There are several ways that a driver’s license can be suspended or revoked. The primary reason is a result of points being assessed against your driver’s license due to traffic violations such as speeding, driving without insurance, stoplight/stop sign violations. Essentially, any moving violation results in points being assessed against your driver’s license. The number of points assessed against a driver’s license in Missouri is set out in section 302.302 of the “Revised Statutes of Missouri.” This can be found at “www.moga.mo.gov/statutes/statutes.”
Point Accumulation: The first threshold is that, if you accumulate 18 points within an 18 month period, the State will suspend your driver’s license, for a first time, for 30 days. The period of suspension increases depending on the number of points accumulated over a period of time and depending on how many previous license actions (suspensions/revocations) you have had in the past. Missouri also has a program where the judge in a particular case can allow an individual to attend a driving school that will result in points not being assessed against your license. Judges don’t usually volunteer this information. But, if an individual is going to appear in Court and pay the ticket, you can ask the judge for permission to attend the school in lieu of the points.
DWI Laws: In 2010, Missouri enhanced the “driving while intoxicated” laws. The consequences of receiving a “driving while intoxicated” conviction is much more severe than it was prior to August, 2010. Some courts are now required to sentence a defendant to incarceration based on the blood alcohol content (BAC). There are enhanced periods of loss of driver’s license and there are other severe consequences. Certainly, if you receive a “driving while intoxicated” charge, you should contact an attorney immediately as there are time limitations which also affect your ability to keep your license or at least extend the time until your suspension takes effect.
Driving without Insurance: Most people think that if you get a traffic ticket for “driving without insurance,” there are no consequences to pleading guilty. However, if you are convicted of driving without insurance, then the State of Missouri requires a 30-day suspension of your driver’s license. Most judges will warn a defendant that they should consult with an attorney before pleading guilty to this specific charge. If you had insurance at the time of the stop, and can show proof to the Court, then those cases should typically be dismissed by the Judge. In many of the smaller municipal courts if you show proof of insurance at the time of the stop to the Court Clerk, they can handle getting the case dismissed.
Hardship Driver’s license: Hardship driver’s license laws also changed several years ago. The Missouri legislature increased the types of convictions that prohibit an individual from receiving a hardship driver’s license. Most people think they are entitled to a hardship license if their license is suspended. Over the years, the legislature has expanded the types of offenses that will result in a prohibition of the issuance of a hardship license. In some circumstances the Court can require an “ignition interlock” device installed on any vehicle you drive.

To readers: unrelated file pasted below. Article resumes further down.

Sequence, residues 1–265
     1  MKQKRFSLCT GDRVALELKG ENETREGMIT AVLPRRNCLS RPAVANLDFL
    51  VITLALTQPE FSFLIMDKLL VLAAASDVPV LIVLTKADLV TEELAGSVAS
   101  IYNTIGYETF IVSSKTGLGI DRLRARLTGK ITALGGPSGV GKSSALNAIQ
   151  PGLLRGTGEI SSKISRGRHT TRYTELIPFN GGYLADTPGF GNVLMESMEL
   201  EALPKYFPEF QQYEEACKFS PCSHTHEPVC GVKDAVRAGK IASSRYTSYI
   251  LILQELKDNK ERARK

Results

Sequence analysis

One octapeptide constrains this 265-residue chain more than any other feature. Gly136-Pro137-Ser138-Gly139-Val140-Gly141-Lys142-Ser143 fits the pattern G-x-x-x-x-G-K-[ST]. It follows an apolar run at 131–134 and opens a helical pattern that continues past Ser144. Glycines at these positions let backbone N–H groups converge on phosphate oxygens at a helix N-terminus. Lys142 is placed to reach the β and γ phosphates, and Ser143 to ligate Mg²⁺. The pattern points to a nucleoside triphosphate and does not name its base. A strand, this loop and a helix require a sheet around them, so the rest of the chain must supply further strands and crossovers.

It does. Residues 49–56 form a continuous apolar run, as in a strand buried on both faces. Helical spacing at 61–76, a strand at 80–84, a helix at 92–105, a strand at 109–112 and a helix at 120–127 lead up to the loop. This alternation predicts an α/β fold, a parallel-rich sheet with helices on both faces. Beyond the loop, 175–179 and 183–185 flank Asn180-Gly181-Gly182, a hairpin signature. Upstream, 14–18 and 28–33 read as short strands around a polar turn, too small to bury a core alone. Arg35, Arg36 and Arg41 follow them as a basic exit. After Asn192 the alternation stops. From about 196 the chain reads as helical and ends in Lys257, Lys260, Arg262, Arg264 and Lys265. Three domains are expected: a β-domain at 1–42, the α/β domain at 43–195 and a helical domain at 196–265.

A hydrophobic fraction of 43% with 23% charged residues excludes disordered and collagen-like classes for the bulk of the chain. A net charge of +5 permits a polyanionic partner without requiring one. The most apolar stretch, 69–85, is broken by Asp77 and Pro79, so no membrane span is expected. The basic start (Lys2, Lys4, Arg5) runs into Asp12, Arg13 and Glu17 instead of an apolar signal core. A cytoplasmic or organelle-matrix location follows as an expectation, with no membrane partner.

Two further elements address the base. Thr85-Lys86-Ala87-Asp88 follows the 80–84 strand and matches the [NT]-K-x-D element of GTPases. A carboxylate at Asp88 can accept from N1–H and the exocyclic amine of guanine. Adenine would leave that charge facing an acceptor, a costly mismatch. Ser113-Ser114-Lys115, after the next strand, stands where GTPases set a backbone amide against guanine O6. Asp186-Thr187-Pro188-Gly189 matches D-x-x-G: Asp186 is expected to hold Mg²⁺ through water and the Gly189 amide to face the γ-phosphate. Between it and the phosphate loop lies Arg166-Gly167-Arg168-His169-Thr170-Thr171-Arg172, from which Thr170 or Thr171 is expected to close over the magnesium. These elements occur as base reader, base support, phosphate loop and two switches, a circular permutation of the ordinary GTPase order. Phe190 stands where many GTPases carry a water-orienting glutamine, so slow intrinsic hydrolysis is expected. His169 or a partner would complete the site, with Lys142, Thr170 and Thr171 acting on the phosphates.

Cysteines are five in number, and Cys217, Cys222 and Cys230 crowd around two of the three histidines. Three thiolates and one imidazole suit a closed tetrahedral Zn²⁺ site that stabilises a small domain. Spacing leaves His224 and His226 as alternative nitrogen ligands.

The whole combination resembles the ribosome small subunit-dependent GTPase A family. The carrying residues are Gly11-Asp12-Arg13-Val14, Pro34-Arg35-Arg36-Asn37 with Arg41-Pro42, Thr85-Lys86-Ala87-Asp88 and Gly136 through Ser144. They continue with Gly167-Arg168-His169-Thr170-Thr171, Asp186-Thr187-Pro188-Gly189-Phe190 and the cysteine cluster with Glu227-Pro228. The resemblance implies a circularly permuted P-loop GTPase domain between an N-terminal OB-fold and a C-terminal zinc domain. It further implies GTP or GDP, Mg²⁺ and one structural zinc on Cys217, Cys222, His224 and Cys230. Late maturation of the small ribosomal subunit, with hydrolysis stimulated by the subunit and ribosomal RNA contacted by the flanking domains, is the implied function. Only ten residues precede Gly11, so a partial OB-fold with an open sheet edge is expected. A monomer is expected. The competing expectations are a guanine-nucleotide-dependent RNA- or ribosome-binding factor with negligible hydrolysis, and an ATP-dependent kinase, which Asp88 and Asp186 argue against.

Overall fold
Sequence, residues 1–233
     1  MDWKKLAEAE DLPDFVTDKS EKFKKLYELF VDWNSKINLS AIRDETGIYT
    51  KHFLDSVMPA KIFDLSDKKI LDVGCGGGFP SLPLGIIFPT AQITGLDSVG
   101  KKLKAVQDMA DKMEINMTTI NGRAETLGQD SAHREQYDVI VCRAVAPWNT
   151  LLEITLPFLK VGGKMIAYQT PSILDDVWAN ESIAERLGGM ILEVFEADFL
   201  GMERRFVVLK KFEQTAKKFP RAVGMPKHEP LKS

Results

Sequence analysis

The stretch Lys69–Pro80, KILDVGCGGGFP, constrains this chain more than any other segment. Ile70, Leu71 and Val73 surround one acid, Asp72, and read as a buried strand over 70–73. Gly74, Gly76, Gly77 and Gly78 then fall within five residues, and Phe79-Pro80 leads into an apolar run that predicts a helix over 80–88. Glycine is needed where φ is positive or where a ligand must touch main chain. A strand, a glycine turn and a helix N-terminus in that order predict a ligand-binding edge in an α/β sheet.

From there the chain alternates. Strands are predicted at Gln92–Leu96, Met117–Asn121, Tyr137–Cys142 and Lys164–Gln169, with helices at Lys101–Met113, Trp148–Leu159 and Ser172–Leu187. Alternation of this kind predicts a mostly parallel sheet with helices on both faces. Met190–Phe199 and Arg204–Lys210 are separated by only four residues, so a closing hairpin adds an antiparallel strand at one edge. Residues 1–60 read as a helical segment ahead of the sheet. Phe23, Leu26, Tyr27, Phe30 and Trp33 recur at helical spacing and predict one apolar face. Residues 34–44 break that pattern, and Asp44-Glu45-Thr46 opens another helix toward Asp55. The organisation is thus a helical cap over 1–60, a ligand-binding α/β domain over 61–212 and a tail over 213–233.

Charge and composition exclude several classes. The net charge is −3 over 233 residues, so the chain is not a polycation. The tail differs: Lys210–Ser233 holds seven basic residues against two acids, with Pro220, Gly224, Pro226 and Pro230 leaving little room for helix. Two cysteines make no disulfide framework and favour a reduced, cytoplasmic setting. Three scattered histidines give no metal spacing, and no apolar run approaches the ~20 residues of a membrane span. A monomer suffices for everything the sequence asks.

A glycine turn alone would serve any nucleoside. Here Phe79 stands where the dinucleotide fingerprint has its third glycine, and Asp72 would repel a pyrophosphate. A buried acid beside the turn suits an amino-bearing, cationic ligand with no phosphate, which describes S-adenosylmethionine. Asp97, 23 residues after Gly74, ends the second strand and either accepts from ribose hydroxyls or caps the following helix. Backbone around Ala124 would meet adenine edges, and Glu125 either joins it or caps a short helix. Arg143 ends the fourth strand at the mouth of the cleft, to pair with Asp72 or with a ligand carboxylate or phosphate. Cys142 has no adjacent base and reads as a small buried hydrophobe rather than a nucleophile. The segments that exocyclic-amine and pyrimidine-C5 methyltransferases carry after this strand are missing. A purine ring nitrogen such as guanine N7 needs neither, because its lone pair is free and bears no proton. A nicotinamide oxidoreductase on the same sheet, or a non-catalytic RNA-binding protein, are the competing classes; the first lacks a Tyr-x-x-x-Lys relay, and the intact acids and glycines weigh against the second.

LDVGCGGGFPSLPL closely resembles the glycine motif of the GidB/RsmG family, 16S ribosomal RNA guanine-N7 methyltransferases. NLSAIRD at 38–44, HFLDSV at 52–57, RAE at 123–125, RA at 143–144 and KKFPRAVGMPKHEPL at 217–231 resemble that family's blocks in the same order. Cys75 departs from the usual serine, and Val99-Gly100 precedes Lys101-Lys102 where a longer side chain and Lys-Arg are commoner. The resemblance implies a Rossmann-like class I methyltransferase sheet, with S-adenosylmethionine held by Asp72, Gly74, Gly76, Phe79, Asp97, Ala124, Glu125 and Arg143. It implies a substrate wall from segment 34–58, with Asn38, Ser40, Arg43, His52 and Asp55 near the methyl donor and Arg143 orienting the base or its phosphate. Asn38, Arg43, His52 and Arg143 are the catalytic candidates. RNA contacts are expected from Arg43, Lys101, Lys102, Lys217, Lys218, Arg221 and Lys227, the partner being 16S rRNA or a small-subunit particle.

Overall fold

Interstate Compact: Another pitfall is that most people don’t realize a conviction for a traffic offense out of State of Missouri will typically be reported back to Missouri and will adversely affect your driver’s license. Missouri is a member of a “Compact” that allows convictions to travel from state to state. Multiple convictions in another state can also result in a suspension/revocation of the right to drive in that state even if you are licensed in Missouri. Remember, the convictions in the other state will typically be reported to Missouri and will show up on your driving record here.
I always advise my clients to contact their insurance agent when they receive a speeding ticket or any other point violation and find out from the agent if their insurance rates will increase. Typically, the insurance rates will increase if you have a moving violation. In most cases, it is less expensive in the end to hire an attorney to have the ticket pled to a lesser offense that will not show up on the driving record.
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COMMERCIAL DRIVERS LICENSE
Some drivers are required under Missouri law to have a “Commercial Driver’s License” if driving a commercial vehicle for a living. The effect on a commercial driver’s license for getting a traffic ticket is typically greater and more severe. Section 302.756 or the Revised Statutes of Missouri sets out the penalties assessed against a commercial licensed driver for various types of convictions. This can be found on the internet at www.moga.mo.gov/statutes/statutes. The bottom line is that if you have a commercial driver’s license, you need to be very careful with the disposition of a ticket.